• Difficulty in learning: A child with dyslexia will have severe learning difficulties than their peers in class with low performance.
  • Frustration, angry or low self-esteem, anxiety, depression, social withdrawal.
  • Unable to read, talk, communicate can hamper his educational and social life.
  • Dyslexia in adults can cause depression, low performance, reduced self-confidence, and financial crisis.

What are the Risk Factors for Dyslexia?

The risk factors for dyslexia are as follows:

  • Positive family history for dyslexia
  • Early or premature birth with low birth weight
  • Pregnancy: exposure to alcohol, nicotine, systemic infections

When to See Your Doctor for Dyslexia?

You should immediately fix an appointment with your doctor/physician as soon as you notice these signs in your child.

  • Slow learning
  • Difficulty in reading
  • Poor performance in school
  • Difficulties in remembering names or colors
  • Problems identifying words to create a sentence or mixing up words
  • Depression or lowered self-esteem

Your doctor will perform some tests and rule out various other health-related problems such as hearing, vision, and Attention Deficit Hyperactivity Disorder (ADHD) so that they can be treated early as possible.

Call 1860-500-1066 to book an appointment

How to Diagnose Dyslexia?

Early diagnosis of dyslexia is very important to support your child to cope  with his learning difficulties. The reading, learning, and writing difficulties are mostly identified during their kindergarten or preschool years, where there is continuous deterioration of their performance in school, and you might get frequent calls from their class teacher about their poor learning abilities.

How to treat Dyslexia?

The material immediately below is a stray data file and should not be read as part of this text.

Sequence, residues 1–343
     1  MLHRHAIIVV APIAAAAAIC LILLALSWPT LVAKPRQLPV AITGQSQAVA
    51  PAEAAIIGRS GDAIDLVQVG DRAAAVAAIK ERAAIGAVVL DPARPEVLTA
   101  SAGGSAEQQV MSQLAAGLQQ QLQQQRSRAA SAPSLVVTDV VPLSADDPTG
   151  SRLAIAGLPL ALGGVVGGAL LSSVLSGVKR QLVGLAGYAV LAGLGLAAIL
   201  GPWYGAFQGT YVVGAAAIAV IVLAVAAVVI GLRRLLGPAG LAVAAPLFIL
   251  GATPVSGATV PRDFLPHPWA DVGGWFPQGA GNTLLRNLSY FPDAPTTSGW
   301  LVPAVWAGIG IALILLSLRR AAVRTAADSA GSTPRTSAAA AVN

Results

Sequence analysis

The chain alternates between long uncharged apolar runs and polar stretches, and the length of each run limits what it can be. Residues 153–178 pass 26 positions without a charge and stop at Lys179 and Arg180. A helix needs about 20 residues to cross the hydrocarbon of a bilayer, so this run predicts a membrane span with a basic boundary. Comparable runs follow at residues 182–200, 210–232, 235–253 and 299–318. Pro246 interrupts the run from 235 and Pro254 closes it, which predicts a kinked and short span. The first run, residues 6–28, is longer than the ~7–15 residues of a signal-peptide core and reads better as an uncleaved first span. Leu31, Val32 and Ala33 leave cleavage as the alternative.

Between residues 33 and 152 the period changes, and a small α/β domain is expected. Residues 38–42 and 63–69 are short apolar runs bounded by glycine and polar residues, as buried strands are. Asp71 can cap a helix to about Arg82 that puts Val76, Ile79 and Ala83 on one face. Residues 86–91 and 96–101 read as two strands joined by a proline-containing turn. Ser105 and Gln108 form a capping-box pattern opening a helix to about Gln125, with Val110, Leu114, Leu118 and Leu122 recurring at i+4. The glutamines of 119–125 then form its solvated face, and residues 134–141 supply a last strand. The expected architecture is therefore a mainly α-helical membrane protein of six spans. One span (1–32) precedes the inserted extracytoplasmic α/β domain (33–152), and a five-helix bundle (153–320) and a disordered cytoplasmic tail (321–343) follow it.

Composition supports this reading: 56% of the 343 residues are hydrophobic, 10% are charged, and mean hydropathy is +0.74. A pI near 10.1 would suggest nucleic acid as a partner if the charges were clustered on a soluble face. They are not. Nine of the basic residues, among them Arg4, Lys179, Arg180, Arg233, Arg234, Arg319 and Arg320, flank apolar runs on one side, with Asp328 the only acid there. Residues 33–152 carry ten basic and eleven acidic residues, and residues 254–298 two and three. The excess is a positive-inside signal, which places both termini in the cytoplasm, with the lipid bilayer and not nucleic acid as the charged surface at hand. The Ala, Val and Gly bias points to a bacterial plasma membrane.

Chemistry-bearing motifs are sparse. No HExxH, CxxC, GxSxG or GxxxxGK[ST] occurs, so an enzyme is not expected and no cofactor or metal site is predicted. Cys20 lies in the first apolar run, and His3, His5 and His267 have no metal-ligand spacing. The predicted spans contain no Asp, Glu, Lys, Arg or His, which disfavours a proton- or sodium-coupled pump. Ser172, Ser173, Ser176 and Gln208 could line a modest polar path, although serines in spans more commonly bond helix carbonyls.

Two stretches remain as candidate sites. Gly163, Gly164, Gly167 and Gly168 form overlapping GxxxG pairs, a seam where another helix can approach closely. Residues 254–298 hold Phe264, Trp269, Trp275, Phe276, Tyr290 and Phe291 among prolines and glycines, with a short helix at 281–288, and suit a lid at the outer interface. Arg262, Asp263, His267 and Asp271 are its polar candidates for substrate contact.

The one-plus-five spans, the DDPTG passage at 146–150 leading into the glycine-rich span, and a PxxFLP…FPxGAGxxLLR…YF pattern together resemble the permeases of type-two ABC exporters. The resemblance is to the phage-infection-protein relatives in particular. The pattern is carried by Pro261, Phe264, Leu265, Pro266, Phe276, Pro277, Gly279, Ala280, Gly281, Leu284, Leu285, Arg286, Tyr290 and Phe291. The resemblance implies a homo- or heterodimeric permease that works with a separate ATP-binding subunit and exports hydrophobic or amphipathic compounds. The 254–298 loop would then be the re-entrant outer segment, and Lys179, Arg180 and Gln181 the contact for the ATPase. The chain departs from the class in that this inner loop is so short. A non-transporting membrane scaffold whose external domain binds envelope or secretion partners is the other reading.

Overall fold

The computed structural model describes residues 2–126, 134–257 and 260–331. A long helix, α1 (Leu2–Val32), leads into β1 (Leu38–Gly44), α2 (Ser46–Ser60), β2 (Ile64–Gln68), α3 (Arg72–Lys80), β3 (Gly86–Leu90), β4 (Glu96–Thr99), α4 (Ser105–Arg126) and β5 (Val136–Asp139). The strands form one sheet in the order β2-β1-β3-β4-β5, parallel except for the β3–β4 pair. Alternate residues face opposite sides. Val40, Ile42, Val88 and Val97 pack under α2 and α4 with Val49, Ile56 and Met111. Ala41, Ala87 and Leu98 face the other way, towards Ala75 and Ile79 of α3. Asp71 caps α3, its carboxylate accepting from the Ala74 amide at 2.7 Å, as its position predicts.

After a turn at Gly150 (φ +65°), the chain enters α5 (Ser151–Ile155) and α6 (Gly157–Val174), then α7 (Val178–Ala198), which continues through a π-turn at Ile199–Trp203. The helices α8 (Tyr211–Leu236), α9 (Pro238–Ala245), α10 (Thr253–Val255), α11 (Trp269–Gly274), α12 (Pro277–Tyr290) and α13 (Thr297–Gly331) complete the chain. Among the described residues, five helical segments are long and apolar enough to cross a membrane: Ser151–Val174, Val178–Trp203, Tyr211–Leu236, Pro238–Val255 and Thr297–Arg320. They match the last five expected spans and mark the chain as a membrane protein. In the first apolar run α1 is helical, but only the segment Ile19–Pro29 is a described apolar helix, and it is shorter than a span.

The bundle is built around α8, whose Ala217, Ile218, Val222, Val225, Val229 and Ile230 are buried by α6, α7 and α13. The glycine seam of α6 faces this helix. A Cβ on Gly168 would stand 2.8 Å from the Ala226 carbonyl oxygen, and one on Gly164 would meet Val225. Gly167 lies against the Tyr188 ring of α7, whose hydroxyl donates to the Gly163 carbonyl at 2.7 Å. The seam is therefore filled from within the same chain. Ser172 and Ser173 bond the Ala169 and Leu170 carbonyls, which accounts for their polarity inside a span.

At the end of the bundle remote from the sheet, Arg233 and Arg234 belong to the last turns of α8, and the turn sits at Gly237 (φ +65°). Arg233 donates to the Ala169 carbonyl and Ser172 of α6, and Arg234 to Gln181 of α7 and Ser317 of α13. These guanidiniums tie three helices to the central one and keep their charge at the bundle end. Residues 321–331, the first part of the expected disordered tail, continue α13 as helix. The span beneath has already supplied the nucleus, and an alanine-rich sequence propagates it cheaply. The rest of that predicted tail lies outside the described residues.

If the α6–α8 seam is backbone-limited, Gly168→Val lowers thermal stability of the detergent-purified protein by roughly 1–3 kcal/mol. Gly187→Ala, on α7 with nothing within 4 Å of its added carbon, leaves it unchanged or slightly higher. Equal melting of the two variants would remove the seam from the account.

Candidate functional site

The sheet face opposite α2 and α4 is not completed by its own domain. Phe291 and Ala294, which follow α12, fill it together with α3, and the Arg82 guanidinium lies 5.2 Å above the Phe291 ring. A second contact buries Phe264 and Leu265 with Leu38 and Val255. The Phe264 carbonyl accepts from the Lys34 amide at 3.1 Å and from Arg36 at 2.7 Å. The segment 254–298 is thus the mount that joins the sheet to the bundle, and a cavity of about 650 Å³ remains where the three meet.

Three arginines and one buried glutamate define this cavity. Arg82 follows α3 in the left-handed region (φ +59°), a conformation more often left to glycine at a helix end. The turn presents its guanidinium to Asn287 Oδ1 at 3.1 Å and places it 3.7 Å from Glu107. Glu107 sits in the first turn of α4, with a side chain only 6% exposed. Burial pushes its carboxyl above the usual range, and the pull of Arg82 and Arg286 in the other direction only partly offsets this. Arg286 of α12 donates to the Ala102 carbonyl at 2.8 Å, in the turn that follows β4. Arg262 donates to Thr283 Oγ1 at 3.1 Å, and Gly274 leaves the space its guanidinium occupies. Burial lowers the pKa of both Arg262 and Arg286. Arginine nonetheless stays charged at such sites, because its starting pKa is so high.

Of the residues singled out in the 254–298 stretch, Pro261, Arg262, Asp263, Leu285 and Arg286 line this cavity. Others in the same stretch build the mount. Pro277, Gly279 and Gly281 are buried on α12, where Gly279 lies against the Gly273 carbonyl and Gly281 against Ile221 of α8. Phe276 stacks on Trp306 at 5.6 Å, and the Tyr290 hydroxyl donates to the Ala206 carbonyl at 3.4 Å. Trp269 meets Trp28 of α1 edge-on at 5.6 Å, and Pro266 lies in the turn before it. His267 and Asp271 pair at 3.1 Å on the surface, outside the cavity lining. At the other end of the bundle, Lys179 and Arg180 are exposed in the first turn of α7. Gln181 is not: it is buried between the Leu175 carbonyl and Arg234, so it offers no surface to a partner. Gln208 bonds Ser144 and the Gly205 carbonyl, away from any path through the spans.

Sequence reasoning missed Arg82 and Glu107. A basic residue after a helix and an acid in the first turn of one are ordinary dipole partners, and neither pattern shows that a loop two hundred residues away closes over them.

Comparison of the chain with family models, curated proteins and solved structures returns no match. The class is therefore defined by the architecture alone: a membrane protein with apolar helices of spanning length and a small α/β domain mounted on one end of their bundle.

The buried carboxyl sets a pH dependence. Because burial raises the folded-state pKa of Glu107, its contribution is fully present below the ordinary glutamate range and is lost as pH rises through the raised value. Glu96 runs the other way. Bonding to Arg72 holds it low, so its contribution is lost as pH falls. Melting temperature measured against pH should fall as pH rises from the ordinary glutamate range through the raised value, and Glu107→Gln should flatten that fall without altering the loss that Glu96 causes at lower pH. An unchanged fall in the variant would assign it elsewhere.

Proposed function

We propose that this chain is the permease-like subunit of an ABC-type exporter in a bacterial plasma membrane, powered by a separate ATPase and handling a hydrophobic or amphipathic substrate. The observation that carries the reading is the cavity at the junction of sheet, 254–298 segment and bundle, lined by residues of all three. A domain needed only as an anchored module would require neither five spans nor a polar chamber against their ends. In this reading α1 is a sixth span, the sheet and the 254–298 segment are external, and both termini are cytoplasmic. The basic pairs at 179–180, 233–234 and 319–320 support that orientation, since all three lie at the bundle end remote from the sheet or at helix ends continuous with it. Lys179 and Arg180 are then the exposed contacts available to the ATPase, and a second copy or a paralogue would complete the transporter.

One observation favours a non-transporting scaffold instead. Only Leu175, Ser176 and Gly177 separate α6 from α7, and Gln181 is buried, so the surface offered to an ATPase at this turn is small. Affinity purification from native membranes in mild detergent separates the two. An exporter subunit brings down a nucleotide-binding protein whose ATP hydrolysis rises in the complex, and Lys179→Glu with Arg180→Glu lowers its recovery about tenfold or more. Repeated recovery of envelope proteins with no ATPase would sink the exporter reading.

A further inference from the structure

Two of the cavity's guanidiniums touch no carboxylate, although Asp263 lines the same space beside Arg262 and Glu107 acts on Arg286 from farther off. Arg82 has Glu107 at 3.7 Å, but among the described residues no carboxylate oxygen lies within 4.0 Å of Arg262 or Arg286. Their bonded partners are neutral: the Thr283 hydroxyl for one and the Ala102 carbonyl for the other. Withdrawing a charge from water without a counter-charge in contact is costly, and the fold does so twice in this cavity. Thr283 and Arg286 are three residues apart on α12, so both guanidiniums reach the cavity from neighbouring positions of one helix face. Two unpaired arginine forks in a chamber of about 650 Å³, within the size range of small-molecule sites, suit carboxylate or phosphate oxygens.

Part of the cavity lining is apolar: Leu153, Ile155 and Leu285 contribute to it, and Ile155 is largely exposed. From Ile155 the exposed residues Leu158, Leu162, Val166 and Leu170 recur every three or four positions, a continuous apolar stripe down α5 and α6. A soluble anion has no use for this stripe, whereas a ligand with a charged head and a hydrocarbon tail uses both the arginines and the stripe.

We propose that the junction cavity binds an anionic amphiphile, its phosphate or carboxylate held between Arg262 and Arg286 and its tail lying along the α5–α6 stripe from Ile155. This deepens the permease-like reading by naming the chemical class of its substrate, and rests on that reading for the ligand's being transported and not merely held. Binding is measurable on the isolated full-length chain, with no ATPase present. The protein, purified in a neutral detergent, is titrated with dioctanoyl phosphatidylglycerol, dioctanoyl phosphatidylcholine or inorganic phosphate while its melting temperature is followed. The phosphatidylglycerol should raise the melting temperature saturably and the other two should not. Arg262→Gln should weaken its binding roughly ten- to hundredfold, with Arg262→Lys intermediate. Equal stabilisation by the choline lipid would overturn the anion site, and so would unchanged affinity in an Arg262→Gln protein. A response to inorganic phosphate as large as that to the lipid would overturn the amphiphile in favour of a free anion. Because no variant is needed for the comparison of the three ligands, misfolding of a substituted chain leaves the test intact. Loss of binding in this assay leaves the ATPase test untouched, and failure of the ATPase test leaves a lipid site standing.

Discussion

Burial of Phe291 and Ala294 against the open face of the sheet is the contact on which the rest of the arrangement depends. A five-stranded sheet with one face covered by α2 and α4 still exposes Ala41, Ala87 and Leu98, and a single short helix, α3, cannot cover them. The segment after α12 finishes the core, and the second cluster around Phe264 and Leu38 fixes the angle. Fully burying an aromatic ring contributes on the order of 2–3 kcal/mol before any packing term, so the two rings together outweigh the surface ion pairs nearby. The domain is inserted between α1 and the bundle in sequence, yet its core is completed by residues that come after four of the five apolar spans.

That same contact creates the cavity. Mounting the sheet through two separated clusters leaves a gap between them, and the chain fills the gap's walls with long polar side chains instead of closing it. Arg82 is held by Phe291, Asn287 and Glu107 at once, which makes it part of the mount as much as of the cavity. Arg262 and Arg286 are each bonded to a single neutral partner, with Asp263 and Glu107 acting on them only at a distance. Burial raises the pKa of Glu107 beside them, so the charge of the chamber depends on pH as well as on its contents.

Dyslexia is a life-long condition that requires both emotional and learning support. The earlier it is diagnosed, the easier it becomes to control the severity of the condition. Here are some of the best treatment options available for dyslexia-

  • Multi-Sensory approach

The multi-sensory learning approach helps break down the academic tasks into smaller parts presented to them via various inputs such as touch, sound, smell, etc.

  • Emotional support from teachers or counselors

It should be clear that dyslexia doesn’t mean that there is a lack of interest in studying. A dyslexic child will need support from the teachers at school and from the counselor, encouraging him to put more effort into learning and performing well.

  • Implementation of digital learning tools and applications into studies

Implementing various assistive learning tools and applications into their studies can help them learn and write quicker. Few such examples are

  • Providing them computer keyboards to write instead of pencil and paper
  • Learning application devices to teach them texts, words, sentences, colors, objects, poems, etc
  • Giving them learning devices like reading pens, calculators, digital dictionaries to do daily tasks.


Extra care should always treat a child with dyslexia with both emotional and support from teachers, too, as by doing so, your child can improve slowly, and the learning and reading difficulties will eventually get better with proper management and using advanced tools.

Frequently Asked Questions

What are the earliest signs of a child with dyslexia?

Ans. The early signs for a child with dyslexia are, reading difficulties, slow and labor-intensive reading, unable to remember names or colors, mispronouncing words or mixing words, spelling problems.

Can dyslexia be cured entirely?

Ans. Dyslexia cannot be  completely cured. However, it could be managed effectively with proper support from teachers, parents, a counselor and the right therapy.

Verified By Dr C Rajesh Reddy
MBBS; MD (Internal Medicine); DM (Neurology), Sr. Consultant Neurologist, Apollo Hospitals, Jubilee Hills, Hyderabad